Aircraft Engines - Ramjet and Pulsejet.
Jet and pulse engine.
Photo description: The outer casing of the pulse jet engine of the German V1 flying bomb - Fieseler Fi 103.
Argus As 109-014 was the pulse engine that powered the V1 flying bombs. The V1 bomb was a small unmanned aircraft that was automatically controlled by a simple gyroscopic autopilot. The warhead had a mass of 850 kg. Range about 250 km. Cruising speed about 640 km/h. The engine, with a thrust of 2.7 kN (204 kG), was placed above the bomb in its rear part. The V1 bombs were fired from ground launchers set up in northern France. The bomb could be launched from Heinkel He 111 H-22 aircraft. A total of 11,969 V1 bombs were fired.
We will return to history for a moment. In 1908, the French Rene Lorin (1877-1933) theoretically developed and patented the jet engine. However, he could not build a working model, because the aircraft of that time did not have the speed that the jet engine would start working. He presented his theories in the journal L'Aerophile in the period 1908-1913. When another French, Rene Leduc, applied for a patent for a jet engine design in 1933, he discovered these publications. He wanted to contact Rene Lorin, but found out that the latter had recently died.
In theory, the jet engine (Ramjet) is very simple, but in fact its thermodynamic operating conditions are more complicated. To date, a fully effective and efficient jet engine has not been developed. Another name for a jet engine is Flying stove pipe or Athodyd (short for air thermodynamic duct). A jet engine is a form of a through-flow engine with no moving parts. This engine uses air compression due to its forward motion. Compressed air receives fuel injection. The air / fuel mixture ignites. The increase in exhaust gas pressure directed through the exhaust nozzle gives the engine thrust. Therefore, this engine cannot provide thrust at zero speed. A vehicle equipped with this type of engine would need a different type of propulsion in order to initiate the motion and combustion processes in the jet engine. In theory, a jet engine would be most efficient in the Ma 3 to Ma 6 speed range. An application for a jet engine is still being sought. There was work with helicopter rotors. Attempts are being made to use jet engines in artillery shells. This type of solution was submitted in 1915 by the Hungarian inventor Albert Fono for the Austro-Hungarian troops. At that time, this idea was rejected.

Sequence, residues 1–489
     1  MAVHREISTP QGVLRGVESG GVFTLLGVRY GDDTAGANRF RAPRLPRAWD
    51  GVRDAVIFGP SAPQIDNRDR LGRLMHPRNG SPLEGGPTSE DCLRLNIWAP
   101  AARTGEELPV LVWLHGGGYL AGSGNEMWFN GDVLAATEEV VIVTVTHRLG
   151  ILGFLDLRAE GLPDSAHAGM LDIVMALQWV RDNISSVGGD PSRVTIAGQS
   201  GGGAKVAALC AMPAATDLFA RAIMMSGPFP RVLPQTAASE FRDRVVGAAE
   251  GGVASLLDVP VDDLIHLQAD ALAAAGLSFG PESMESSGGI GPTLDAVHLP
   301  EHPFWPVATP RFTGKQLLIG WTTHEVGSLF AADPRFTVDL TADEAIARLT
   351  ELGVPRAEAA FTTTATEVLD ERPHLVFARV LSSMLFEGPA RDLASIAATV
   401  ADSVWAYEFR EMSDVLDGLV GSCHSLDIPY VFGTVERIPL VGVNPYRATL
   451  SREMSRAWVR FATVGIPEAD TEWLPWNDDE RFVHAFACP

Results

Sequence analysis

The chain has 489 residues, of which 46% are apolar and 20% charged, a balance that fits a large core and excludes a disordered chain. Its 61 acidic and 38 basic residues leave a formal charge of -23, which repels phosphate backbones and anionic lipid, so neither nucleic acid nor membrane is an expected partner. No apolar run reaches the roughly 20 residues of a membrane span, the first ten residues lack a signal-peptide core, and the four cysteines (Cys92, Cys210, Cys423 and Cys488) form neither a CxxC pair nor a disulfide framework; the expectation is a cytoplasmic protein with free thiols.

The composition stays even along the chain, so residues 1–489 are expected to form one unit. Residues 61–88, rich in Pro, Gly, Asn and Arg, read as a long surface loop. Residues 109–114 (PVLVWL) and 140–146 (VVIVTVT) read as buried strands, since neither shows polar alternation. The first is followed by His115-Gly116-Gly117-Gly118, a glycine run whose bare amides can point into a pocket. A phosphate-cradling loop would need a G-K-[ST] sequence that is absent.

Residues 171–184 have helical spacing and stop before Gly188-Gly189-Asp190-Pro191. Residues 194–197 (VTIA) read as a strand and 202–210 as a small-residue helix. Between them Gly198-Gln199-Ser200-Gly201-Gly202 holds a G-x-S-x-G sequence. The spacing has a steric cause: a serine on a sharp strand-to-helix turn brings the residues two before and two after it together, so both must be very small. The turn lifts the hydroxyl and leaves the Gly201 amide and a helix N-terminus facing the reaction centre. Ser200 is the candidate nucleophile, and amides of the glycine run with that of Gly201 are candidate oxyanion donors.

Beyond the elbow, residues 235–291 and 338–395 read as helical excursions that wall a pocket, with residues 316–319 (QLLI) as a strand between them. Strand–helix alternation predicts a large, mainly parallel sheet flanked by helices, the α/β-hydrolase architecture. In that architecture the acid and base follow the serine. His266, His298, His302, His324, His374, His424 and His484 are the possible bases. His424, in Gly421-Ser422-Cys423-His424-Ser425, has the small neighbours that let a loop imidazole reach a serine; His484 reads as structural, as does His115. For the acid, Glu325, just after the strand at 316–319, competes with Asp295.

We mentioned the difficult thermodynamic operating conditions of the jet engine. Such an engine must be designed for a specific speed range, as its efficiency decreases with increasing speed. This is because the inlet air temperature increases due to greater compression. As the inlet temperature approaches the outlet temperature, a smaller proportion of the energy can be extracted as a string. In order to create the necessary engine thrust, this air should not be compressed so much so as not to raise the temperature. This means that the flow through the engine will be supersonic, and all modern turbojets have subsonic flow, even though the plane is flying at Ma 2 - Ma 3. This undesirable increase in temperature at the moment of compression immediately necessitates an intercooler.
Russians performed many tests with jet engines at the turn of the 30s and 40s. However, little information is left about these works. They used DM-1 and DM-2 jet engines as additional engines in the I-15 and Jak-7 airplanes.
Rene Leduc (1898-1968) was the most successful with the jet drive (ramjet). Rene Leduc was a French engineer who started working on jet engines in 1938, and in 1949, he created the world's first jet powered airplane - the Leduc 010. Eng. Rene Leduc worked at Breguet Aviation. In 1938, he set about developing an airplane powered solely by a jet engine. During World War II, the plants operated for German needs. Work on the plane slowed down. As a result, the Leduc 010 plane was not ready until 1947. Two prototypes were built. The entire fuselage of the airframe was practically an engine. The crew was placed in a separate cabin located centrally in the front part of the fuselage. Thus, the intake to the engine was annular. The plane had a length of 10.25 m, a span of 10.52 m, a curb weight of 1,700 kg, a take-off weight of 2,800 kg, and an engine thrust of 15.7 kN. Tests began in Toulouse in October 1947. The loss of the Leduc 010 aircraft was carried out with the carrier aircraft Sud-Est SE.161 Languedoc. The first engine flight was made on April 21, 1949. The tests achieved a speed of Ma 0.85, a ceiling of 11,000 m (36,000 ft) and a climb speed of 40 m / s. These were very good results. Both Leduc 010 prototypes were lost in accidents where pilots survived with multiple injuries.
Work on the program has not stopped. Another prototype of the Leduc 011 was created, which had small turbojet engines at the wingtips to ensure a self-launch. The first flight was made on February 8, 1951. However, there were problems with the plane and turbo-jets were abandoned.
The program continued. In 1953, two more prototypes, designated Leduc 021, were built. The planes were 30% larger than the Leduc 010. Span 11.60 m, length 12.50 m, curb weight 3,300 kg, take-off weight 6,000 kg, jet engine (ramjet ) with a thrust of 63.7 kN. The tests took place in the period 1953-1956. The tests covered 284 flights. The plane reached the maximum speed of Ma 0.95, and that was not enough in the mid-50s. The design was not suitable for supersonic flights. Therefore, one more Leduc 022 plane was created.
The Leduc 022 aircraft was intended for supersonic flights in the Ma 2 speed range. It was built as a prototype of a fighter aircraft. It was an attempt to apply the jet engine technique in practice. Unlike its predecessors, it received oblique wings. The power unit was a jet engine (ramjet) and turbojet engine. The idea was for the plane to take off independently. Leduc 022 was 18.21 m long, span 9.95 m, curb weight 6,380 kg, take-off weight 9,000 kg, jet engine with 63.7 kN thrust, Snecma Atar 101D-3 turbojet, with 31.4 kN thrust. The first flight was made on December 26, 1956. During the tests, it was not possible to exceed the speed of sound due to the significant induced airframe resistance. The program ended in 1958 for the further development of the Dassault Mirage III aircraft.